Conservation of energy  

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Train wreck at Montparnasse (October 22, 1895) by Studio Lévy and Sons.
Train wreck at Montparnasse (October 22, 1895) by Studio Lévy and Sons.

The nineteenth century law of conservation of energy is a law of physics. It states that the total amount of energy in an isolated system remains constant over time. The total energy is said to be conserved over time. For an isolated system, this law means that energy can change its location within the system, and that it can change form within the system, for instance chemical energy can become kinetic energy, but that energy can be neither created nor destroyed. In the nineteenth century, mass and energy were considered as being of quite different natures.

Since Albert Einstein's theory of special relativity showed that energy has an equivalent mass (see mass in special relativity), and mass has an equivalent energy, one speaks of a law of conservation of mass-energy as an updated version of the nineteenth century law. All particles, both ponderable (such as atoms) and imponderable (such as photons), respectively have both mass equivalents and energy equivalents. The difference between ponderable and imponderable particles is that ponderable particles cannot ever be accelerated to move at lightspeed, while imponderable particles always move at lightspeed (at least as to their phase velocity; they can exist as standing waves in a cavity with extremely reflective walls).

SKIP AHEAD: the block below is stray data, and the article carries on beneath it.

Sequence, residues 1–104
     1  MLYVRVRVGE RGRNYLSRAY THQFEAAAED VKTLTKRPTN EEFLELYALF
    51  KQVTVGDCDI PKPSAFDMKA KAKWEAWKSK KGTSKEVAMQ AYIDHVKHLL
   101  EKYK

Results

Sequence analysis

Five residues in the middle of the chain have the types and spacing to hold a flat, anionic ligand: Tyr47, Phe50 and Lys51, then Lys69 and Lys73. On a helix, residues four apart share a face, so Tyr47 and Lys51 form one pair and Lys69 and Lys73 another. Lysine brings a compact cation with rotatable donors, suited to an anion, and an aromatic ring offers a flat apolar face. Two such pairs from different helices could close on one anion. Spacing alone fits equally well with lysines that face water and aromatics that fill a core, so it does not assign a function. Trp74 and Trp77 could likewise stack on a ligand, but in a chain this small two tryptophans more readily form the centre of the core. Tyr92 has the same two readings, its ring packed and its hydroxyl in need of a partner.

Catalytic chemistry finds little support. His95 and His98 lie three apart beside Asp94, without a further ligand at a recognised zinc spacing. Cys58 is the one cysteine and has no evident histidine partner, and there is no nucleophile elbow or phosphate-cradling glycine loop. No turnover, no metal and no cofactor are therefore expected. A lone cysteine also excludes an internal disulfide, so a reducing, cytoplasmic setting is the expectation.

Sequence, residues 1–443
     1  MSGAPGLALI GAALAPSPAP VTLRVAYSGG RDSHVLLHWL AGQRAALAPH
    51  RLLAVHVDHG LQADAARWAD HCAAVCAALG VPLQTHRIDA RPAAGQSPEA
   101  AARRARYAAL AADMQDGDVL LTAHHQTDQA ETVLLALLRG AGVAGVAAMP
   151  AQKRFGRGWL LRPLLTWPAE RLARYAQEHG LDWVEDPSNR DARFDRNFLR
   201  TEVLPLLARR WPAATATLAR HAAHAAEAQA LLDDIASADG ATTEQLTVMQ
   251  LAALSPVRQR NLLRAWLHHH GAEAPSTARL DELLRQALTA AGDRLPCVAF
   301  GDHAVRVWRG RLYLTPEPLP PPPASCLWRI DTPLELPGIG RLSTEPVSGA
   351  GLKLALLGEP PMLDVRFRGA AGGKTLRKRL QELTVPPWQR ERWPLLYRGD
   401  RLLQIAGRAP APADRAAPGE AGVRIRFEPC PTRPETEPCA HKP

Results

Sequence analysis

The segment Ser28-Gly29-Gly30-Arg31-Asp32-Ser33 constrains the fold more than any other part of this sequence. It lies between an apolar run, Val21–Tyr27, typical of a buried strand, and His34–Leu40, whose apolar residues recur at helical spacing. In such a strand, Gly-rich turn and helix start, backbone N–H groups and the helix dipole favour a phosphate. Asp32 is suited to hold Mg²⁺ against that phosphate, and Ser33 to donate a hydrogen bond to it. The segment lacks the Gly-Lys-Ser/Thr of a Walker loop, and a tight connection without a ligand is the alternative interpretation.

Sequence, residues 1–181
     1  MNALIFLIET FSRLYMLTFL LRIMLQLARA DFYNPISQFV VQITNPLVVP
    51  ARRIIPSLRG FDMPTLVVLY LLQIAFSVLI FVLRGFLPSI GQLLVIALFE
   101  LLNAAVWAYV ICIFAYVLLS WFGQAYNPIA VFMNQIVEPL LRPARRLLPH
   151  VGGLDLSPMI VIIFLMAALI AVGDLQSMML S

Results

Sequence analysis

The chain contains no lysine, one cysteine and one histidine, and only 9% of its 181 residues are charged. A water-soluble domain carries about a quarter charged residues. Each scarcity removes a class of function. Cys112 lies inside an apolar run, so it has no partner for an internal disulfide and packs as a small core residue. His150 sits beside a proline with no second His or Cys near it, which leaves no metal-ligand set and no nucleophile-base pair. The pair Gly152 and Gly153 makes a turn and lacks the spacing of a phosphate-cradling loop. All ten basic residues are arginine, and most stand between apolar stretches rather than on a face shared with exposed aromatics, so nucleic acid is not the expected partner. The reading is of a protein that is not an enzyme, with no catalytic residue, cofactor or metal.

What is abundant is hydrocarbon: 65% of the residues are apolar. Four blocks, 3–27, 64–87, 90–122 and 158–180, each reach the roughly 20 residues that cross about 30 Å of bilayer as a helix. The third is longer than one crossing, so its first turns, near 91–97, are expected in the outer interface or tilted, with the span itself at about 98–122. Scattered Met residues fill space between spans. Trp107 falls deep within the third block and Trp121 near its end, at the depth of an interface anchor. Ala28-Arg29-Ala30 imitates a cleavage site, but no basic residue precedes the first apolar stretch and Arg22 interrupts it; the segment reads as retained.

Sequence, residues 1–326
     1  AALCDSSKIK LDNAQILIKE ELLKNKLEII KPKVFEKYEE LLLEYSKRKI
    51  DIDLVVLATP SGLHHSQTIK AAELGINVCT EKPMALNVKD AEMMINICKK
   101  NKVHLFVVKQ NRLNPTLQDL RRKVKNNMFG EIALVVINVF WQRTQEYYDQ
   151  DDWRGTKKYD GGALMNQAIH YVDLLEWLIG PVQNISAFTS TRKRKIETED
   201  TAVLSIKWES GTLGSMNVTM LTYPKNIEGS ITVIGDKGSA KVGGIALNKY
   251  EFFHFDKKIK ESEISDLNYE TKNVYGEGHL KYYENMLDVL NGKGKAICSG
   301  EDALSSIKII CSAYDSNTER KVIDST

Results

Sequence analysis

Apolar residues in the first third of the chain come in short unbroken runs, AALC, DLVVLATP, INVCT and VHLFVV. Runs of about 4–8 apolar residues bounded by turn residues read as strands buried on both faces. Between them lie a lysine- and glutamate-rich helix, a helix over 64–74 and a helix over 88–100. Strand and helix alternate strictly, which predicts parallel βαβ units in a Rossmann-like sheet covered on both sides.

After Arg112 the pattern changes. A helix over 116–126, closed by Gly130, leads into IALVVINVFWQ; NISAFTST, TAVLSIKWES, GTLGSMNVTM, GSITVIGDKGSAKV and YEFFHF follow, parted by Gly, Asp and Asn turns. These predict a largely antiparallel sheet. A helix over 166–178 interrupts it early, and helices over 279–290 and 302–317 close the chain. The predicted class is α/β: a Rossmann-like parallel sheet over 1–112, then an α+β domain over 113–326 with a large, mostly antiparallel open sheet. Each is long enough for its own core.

The total mass and the total energy of a system may both be respectively defined in special relativity, but for each, its conservation law holds. Particles, both ponderable and imponderable, are subject to interconversions of form, in both creation and annihilation. Nevertheless, in an isolated system, conservation of total energy and conservation of total mass each holds as a separate law.

A consequence of the law of conservation of energy is that no intended "perpetual motion machine" can perpetually deliver energy to its surroundings.

See also

Unless indicated otherwise, the text in this article is either based on Wikipedia article "Conservation of energy" or another language Wikipedia page thereof used under the terms of the GNU Free Documentation License; or on original research by Jahsonic and friends. See Art and Popular Culture's copyright notice.

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